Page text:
As you have outlined above - you also have to build up processes to manage the files appropriately. You also run the risk of running out of disk space...all of that had to be coded and scripted.

SSIS has all of the ability to log errors and manage processing flow - to the point of even being able to (if you wanted) to redirect error rows to a different destination and continue loading all other rows. Of course, most implementations do not go to that length and someone then has to figure out what caused the error - which could take some time depending on your knowledge of the process and SSIS in general.

Yup, agree with that. In fact we do do server-to-server when its SQL at both ends, I'd forgotten about that. But we also do BCP in that case where, to give a real world example, the 3rd party that manages a Great Plains APP exports via BCP, ZIPs it up, transfers it to the SQL box (which since various hardware changes over the years is now probably in the same rack!!) that our DB is on, Unzips it there and leaves it in a folder for our stuff to import.

Their stuff has no error checking / handling and breaks about once a month ...

There is no permitted direct-connect between the two servers. All that is to work around the cost of [upgrade because of a] licensing restriction as we are definitely not allowed to query the G.P. database direct.

I have no idea what the licence would cost, but I'm fairly sure it would be cheaper, as well as being way way better for the client, than the cost of all the BUILD Consultancy and follow up SUPPORT consultancy that the Client has paid for over the years ...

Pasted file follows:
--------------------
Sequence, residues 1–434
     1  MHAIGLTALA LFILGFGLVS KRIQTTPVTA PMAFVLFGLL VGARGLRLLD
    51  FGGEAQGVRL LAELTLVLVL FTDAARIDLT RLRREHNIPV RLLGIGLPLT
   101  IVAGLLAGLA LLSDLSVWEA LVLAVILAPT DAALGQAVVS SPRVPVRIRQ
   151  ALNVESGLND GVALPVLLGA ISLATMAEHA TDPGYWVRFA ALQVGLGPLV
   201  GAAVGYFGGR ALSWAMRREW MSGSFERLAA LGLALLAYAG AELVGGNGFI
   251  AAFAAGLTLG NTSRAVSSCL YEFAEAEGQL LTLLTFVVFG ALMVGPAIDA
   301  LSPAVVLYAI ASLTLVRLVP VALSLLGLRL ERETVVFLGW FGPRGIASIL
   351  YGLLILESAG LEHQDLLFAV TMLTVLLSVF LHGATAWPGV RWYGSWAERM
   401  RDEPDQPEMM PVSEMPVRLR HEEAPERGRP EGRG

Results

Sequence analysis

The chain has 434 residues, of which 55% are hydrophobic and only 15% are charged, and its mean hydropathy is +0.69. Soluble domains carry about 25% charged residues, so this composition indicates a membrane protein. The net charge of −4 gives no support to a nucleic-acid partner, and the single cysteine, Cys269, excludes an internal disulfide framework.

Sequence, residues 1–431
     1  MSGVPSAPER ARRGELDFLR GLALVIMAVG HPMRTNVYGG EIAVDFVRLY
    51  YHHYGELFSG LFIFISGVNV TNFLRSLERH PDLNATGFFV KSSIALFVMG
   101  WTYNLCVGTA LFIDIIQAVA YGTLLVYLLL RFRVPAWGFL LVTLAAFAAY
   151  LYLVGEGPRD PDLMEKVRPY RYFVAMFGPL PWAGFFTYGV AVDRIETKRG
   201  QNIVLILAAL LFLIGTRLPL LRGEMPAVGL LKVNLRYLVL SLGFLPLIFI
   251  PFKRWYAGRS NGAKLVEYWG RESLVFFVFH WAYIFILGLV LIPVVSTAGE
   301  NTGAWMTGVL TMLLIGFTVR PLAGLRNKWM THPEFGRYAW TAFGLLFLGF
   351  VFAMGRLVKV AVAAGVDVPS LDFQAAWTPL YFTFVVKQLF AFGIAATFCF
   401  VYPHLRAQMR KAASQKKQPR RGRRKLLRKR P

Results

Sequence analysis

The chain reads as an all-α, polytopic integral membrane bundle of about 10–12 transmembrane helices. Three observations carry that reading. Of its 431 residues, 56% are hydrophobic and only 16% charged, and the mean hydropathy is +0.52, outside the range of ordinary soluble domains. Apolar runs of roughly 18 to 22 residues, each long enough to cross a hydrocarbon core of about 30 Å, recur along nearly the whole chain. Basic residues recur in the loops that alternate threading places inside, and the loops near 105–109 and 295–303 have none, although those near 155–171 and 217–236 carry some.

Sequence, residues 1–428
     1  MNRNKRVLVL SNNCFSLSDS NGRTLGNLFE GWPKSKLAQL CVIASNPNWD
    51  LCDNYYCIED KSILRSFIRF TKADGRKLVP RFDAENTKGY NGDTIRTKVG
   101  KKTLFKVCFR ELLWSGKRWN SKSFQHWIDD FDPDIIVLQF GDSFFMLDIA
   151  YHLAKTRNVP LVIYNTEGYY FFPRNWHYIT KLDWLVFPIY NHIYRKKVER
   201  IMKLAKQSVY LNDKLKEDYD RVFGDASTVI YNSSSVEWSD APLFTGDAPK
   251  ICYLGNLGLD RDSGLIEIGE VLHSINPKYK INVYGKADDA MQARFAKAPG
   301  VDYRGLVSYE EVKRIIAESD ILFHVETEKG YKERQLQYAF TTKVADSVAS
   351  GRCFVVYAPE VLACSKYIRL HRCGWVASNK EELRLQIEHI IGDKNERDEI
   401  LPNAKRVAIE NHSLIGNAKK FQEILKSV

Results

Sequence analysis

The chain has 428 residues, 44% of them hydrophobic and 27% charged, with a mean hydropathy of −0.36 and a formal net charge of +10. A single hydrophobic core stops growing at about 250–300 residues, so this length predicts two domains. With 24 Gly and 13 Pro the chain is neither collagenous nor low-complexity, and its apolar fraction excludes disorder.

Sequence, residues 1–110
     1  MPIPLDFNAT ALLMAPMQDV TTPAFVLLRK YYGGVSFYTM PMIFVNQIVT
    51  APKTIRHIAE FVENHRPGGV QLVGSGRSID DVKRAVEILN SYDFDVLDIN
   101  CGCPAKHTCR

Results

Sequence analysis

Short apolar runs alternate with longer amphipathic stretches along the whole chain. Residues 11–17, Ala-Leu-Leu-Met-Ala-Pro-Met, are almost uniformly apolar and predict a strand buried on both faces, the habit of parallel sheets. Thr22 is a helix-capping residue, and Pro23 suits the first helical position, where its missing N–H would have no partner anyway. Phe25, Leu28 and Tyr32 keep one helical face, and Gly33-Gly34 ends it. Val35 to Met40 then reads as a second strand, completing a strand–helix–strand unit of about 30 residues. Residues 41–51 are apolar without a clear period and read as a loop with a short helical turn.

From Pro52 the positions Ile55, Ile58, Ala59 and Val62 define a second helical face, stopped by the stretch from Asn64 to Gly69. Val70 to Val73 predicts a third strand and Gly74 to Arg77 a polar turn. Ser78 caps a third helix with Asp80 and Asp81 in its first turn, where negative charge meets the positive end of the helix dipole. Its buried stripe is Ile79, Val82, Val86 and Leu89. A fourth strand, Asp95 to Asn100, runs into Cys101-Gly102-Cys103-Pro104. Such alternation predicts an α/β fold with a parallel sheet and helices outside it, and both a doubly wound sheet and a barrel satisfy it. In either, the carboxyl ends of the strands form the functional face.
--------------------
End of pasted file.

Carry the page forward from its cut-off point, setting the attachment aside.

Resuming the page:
I don't know how much effort that is to build in SSIS, and whether you can reuse the code, once you've figured out Best Practice?

FWIW we have a single BATCH file that does the BCP. It just expects some parameters for where the files are, and what folder to stuff any error files into, so what we consider to be our Best Practice for BCP :slight_smile: is reused wherever it is needed, and has been upgraded in all places it is used as we have discovered a Better Mousetrap.

Not actually very difficult once you have done it - but it does have to be added to each package but that can be put into a 'template' to be reused. Most people don't bother going to that extreme as it really isn't that hard to figure out why something failed - at least now that we have Integration Services Catalog available which will give you a report of each task and the failure message.

Generally - the most difficult part of troubleshooting is identifying which row and what column actually caused the issue. Integration Services Catalog (2012 and above) now reports the row and column making it much easier to identify the problem and determine the fix.

For someone that has already spent the time and effort to build the code and processes to utilize BCP - moving to SSIS would take more time and effort than sticking with what works...however, not having it built means SSIS is much faster to implement, deploy and manage.